Graber advances his claims with high confidence because he realized a substantial trove of evidence on the Reconstruction Congress had been overlooked.  It appears scholars, especially legal scholars, concentrating on discussions of section 1 in the 39th Congress as recorded in the Congressional Globe were using only a fraction of the relevant evidence.  Graber describes how there were many discussions relevant to the Fourteenth Amendment that were not explicitly identified in the Globe as such.  Discussions revolving around readmission, for example, were extensive and shed considerable light on the objectives of Republicans in formulating the Reconstruction Amendments.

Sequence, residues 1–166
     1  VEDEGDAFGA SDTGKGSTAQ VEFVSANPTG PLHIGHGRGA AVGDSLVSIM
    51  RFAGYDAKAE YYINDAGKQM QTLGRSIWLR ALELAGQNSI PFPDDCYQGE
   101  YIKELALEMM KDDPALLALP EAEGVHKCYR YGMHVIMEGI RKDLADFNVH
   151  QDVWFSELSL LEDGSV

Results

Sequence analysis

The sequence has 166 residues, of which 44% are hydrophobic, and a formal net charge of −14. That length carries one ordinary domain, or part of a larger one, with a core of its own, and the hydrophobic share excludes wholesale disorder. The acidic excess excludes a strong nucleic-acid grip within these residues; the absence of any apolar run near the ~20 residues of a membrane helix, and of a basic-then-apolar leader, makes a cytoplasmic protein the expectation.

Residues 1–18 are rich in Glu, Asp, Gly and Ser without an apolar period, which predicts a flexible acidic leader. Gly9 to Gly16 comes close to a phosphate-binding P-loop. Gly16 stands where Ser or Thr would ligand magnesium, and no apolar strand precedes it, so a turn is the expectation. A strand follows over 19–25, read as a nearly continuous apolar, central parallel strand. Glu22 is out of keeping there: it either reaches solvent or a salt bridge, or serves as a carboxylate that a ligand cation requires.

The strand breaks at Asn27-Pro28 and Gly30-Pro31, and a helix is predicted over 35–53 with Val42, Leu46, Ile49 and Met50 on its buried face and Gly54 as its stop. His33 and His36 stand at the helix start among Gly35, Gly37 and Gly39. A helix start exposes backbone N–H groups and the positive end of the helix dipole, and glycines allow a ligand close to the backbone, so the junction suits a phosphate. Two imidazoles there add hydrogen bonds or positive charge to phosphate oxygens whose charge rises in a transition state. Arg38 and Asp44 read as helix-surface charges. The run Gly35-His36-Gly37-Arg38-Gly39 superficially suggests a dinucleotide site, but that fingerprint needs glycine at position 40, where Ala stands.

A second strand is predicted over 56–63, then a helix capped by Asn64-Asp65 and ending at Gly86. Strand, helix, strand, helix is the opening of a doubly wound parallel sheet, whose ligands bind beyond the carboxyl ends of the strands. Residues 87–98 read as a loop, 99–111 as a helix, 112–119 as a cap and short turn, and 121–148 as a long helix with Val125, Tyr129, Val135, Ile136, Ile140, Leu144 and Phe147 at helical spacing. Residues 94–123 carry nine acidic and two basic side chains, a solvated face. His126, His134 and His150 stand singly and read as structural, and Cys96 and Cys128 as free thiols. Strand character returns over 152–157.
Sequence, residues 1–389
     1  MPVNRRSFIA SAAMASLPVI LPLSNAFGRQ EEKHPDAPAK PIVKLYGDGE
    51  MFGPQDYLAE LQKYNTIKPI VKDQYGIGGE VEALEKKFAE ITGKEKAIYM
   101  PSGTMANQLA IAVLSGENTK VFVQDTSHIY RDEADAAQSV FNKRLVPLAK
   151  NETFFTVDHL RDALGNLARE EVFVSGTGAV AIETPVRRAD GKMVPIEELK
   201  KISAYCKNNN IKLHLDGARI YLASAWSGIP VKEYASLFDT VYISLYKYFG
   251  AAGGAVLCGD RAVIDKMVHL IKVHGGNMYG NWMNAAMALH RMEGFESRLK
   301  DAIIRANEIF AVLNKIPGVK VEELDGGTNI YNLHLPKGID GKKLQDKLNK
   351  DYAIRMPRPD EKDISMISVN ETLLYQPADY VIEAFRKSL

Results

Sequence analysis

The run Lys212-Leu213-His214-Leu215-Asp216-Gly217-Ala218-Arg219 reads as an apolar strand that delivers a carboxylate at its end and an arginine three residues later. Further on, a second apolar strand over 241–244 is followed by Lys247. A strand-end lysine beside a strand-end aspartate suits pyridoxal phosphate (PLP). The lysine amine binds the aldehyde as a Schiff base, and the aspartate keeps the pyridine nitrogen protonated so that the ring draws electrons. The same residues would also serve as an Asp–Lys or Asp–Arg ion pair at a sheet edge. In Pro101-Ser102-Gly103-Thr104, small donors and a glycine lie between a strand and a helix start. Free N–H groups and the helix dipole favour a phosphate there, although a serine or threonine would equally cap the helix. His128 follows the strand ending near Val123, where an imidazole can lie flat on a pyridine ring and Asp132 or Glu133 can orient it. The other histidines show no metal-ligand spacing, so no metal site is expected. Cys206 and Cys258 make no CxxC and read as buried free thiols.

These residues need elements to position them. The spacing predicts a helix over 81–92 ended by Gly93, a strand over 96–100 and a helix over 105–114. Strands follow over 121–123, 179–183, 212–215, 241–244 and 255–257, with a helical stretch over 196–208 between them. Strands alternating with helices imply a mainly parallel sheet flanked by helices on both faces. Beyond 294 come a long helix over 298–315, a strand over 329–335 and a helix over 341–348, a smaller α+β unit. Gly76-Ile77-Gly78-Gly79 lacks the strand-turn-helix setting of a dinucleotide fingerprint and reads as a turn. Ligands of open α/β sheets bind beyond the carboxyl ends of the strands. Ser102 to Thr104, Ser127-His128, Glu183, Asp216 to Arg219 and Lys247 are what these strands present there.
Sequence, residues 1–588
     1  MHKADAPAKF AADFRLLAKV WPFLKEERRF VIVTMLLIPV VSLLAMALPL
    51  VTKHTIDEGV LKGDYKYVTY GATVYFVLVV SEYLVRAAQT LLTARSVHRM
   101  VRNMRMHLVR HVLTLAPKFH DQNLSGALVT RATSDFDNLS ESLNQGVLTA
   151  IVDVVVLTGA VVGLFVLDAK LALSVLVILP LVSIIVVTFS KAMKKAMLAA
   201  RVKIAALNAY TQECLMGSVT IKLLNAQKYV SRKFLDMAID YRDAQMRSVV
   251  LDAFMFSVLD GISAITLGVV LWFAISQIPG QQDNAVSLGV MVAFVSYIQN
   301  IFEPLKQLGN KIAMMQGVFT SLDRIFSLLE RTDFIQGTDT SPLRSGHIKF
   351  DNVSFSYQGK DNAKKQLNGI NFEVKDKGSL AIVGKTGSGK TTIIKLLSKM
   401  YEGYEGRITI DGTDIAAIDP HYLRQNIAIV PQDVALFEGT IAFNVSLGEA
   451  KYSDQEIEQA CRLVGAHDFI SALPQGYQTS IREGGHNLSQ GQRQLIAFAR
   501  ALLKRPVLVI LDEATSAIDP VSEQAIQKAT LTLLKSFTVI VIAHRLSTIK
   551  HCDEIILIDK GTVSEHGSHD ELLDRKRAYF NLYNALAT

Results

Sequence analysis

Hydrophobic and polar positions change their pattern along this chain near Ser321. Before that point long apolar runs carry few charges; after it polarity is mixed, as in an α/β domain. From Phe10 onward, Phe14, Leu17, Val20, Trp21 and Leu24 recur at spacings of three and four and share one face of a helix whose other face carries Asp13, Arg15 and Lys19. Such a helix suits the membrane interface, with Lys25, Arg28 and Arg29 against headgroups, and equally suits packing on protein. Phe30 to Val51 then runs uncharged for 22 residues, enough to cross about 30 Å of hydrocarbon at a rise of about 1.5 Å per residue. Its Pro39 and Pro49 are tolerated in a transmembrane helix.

Graber’s analysis and conclusions are thus based on a far wider array of historical evidence than any previous discussion of the Fourteenth Amendment, at least by legal academics.  What does his analysis show?  Republicans realized they were confronting an intransigent South whose elites had no intention of changing their ways.  They sought to continue slavery after the War, even if in another form.  Further, Republicans had concrete reason to think that once back in Congress, Southern Democrats would demand the payment of Confederate war debts and continuation of de facto rebel rule.  In order to respond to this looming challenge, Graber describes how Republicans wanted to create a situation in which the former rebel states would have to provide various guarantees.  Guarantees of rights were certainly part of the Republican plan, but they were not the principal focus.  Graber’s key thesis might be described as structure over rights.  As he puts it: “The Republicans who framed the Fourteenth Amendment thought constitutions work by configuring politics.  They regarded constitutions as mechanisms that privilege coalitions with particular interests and values. . . . The point of constitutional reform was to configure politics in such a way that would enable the people who remained loyal to the Union to control how the Thirteenth Amendment was interpreted and implemented in the foreseeable future.”